> > #include "fileA.h"
    > >
    > > class CMyClassB{
    > > public:
    > > CMyClassA m_B1; // no problem
    > > CMyClassA m_B2(this); // syntax error : 'this', WHY???

    >
    > Because this is not the way initializations are specified in C++
    > What you need is a constructor for CMyClassB, which does the initialization
    >
    > CMyClassB() : m_B2( this ) {}


    Oh. I see you already have a constructor. So add the initialization
    to that constructor


    --
    Karl Heinz Buchegger
     
    Karl Heinz Buchegger, Aug 18, 2004
    #4
  5. CFF

    CFF Guest

    "kamil" <> wrote in message news:<#5#>...
    > Try this
    >
    >
    > >
    > > /////////////////////////// fileB.h ///////////////////////////
    > > //
    > > #include "fileA.h"
    > >
    > > class CMyClassB{
    > > public:
    > > CMyClassA m_B1; // no problem
    > > CMyClassA m_B2; // we won't call constructor here
    > >
    > > public:
    > > CMyClassB(void);
    > > };
    > >
    > >
    > > /////////////////////////// fileB.cpp //////////////////////////
    > >
    > > #include "fileB.h"
    > >
    > > CMyClassB::CMyClassB(void)
    > > : m_B2(this) // we will call it here instead ( hope there is no problem

    > with passing 'this' pointing to not fully constructed object )
    > >{
    > > CMyClassA B1; // no problem
    > > CMyClassA B2(this); // no problem
    > > }
    > >
    > >
    > > int main(void){
    > > // ... whatever ...
    > > return 1;
    > > }


    Thank you for your help. I've tried it out and it works. But ... I am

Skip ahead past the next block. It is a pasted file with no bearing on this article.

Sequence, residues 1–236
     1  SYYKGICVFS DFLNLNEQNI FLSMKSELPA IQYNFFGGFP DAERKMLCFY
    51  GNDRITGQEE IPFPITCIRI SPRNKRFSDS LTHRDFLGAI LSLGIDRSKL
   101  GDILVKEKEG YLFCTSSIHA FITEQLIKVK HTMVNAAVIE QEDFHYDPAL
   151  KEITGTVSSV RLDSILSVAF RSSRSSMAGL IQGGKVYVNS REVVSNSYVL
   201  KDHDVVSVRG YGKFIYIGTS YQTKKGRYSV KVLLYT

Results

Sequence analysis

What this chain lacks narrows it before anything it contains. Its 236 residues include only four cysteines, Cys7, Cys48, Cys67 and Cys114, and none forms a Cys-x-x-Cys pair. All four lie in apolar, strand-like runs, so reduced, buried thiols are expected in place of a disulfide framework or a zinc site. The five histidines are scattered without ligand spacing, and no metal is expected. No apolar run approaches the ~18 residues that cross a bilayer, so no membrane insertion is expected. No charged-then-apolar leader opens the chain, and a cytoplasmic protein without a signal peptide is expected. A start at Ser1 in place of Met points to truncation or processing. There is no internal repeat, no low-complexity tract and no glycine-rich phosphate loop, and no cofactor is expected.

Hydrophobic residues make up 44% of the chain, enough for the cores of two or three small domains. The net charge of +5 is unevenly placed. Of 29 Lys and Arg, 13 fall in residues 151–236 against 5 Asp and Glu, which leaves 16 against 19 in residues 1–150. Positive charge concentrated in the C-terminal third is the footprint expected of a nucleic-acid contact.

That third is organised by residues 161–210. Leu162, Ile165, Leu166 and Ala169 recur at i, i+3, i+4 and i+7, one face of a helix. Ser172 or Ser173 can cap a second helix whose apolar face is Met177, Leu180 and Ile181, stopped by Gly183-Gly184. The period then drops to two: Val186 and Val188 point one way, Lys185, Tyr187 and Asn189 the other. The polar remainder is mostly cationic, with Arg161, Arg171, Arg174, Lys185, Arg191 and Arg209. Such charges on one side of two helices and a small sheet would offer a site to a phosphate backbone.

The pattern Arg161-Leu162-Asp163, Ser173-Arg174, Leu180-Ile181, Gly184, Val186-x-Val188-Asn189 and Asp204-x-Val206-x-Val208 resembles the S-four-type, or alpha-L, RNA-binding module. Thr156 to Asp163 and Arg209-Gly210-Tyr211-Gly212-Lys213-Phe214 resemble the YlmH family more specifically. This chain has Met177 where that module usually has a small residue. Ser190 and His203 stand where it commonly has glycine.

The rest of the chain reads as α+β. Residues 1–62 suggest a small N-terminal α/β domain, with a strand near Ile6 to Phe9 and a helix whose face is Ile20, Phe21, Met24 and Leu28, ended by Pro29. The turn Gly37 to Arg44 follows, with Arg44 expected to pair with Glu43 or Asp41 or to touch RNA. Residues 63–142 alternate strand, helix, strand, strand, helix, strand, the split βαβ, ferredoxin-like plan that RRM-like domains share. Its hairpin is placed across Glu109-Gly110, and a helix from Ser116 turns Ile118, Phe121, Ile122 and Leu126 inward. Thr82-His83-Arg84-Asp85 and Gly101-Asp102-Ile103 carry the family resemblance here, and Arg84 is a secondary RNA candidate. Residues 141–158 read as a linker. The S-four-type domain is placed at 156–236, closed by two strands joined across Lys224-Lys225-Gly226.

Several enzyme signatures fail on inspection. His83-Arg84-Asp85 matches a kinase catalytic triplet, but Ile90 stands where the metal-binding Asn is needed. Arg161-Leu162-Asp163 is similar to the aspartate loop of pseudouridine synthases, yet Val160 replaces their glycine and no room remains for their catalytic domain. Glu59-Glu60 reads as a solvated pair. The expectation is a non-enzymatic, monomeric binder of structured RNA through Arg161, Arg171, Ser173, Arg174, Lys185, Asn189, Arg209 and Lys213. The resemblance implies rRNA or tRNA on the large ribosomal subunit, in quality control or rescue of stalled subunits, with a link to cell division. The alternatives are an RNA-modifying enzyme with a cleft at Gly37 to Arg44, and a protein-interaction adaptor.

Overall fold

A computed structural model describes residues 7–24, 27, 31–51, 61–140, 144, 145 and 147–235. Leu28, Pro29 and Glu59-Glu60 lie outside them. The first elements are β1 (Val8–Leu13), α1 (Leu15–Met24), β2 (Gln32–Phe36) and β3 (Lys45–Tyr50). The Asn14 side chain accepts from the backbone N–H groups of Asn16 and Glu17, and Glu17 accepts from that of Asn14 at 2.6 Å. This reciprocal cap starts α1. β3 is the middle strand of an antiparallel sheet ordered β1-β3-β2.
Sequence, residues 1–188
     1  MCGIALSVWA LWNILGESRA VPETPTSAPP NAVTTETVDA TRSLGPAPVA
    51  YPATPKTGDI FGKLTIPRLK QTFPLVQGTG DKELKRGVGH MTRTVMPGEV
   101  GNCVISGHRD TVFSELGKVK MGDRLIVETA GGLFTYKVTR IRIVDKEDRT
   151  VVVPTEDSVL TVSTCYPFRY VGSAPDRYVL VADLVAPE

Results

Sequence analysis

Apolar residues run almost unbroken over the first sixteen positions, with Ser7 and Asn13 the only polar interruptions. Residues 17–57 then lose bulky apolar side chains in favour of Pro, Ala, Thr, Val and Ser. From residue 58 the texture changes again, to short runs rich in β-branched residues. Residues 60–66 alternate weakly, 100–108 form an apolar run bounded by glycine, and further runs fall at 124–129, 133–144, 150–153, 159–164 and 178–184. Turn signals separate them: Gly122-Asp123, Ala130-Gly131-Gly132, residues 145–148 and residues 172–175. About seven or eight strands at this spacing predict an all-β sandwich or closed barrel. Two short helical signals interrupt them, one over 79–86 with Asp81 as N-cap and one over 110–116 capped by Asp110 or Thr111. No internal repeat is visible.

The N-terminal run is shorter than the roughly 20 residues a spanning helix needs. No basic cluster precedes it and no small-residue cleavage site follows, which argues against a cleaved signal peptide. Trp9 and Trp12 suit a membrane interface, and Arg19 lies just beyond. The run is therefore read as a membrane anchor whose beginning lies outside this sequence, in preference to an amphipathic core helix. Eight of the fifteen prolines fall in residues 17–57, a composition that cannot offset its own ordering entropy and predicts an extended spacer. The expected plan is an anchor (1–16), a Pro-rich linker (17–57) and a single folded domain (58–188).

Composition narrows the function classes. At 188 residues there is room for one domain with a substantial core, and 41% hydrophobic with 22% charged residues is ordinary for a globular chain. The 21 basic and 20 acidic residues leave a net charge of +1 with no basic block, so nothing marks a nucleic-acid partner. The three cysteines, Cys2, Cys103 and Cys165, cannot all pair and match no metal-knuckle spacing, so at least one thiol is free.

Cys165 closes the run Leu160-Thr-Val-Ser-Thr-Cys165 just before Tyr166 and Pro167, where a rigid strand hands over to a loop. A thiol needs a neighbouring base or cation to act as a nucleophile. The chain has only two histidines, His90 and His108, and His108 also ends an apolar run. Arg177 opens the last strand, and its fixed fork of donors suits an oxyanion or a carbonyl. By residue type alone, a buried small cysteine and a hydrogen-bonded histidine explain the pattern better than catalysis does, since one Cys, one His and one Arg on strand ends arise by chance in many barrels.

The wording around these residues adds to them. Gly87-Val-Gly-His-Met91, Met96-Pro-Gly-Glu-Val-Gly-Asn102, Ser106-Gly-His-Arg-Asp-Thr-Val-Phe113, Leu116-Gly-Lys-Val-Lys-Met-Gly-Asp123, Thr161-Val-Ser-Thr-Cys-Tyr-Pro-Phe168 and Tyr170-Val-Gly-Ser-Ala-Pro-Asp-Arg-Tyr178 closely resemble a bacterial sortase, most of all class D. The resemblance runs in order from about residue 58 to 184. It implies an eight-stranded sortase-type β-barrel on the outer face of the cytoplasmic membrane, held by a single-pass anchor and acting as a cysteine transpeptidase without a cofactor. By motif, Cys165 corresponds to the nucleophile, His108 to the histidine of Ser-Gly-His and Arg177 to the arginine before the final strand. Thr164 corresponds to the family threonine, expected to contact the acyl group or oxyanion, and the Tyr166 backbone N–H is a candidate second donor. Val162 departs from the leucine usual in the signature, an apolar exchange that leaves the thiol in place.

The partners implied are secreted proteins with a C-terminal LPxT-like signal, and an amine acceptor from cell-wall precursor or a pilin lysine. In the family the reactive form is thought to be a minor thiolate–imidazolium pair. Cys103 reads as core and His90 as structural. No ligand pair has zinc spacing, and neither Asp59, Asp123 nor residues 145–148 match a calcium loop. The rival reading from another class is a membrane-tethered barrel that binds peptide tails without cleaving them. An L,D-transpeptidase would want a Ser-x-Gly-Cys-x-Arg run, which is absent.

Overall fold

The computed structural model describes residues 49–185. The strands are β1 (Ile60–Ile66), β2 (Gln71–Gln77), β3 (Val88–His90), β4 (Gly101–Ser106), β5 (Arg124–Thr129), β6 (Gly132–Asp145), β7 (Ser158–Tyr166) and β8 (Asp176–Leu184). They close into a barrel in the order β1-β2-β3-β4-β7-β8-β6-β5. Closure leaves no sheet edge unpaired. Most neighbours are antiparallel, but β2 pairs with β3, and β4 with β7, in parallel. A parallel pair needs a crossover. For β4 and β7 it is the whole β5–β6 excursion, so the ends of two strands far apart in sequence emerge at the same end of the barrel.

getting a warning message saying

    "warning C4355: 'this' : used in base member initializer list"

    when complied. I am a bit worry about this. Any idea about what's the
    problem with it? Does it cause any undersirable effect? Thanks again.
     
    CFF, Aug 20, 2004
    #5
  6. Re: How to create an initialised object declared as a class membervariable?

    I think as long as you don't try to manipulate the half-constructed
    object, you're fine. I believe I do this very thing in some piece of
    software I wrote, and I have seen no ill effects. The compiler is just
    reminding you... you can always disable the warning with a #pragma.

    CFF wrote:
    > "kamil" <> wrote in message news:<#5#>...
    >
    >>Try this
    >>
    >>
    >>
    >>>/////////////////////////// fileB.h ///////////////////////////
    >>>//
    >>>#include "fileA.h"
    >>>
    >>>class CMyClassB{
    >>>public:
    >>>CMyClassA m_B1; // no problem
    >>>CMyClassA m_B2; // we won't call constructor here
    >>>
    >>>public:
    >>>CMyClassB(void);
    >>>};
    >>>
    >>>
    >>>/////////////////////////// fileB.cpp //////////////////////////
    >>>
    >>>#include "fileB.h"
    >>>
    >>>CMyClassB::CMyClassB(void)
    >>>: m_B2(this) // we will call it here instead ( hope there is no problem

    >>
    >> with passing 'this' pointing to not fully constructed object )
    >>
    >>>{
    >>>CMyClassA B1; // no problem
    >>>CMyClassA B2(this); // no problem
    >>>}
    >>>
    >>>
    >>>int main(void){
    >>>// ... whatever ...
    >>>return 1;
    >>>}

    >
    >
    > Thank you for your help. I've tried it out and it works. But ... I am
    > getting a warning message saying
    >
    > "warning C4355: 'this' : used in base member initializer list"
    >
    > when complied. I am a bit worry about this. Any idea about what's the
    > problem with it? Does it cause any undersirable effect? Thanks again.
     
    Michael Chisholm, Sep 1, 2004
    #6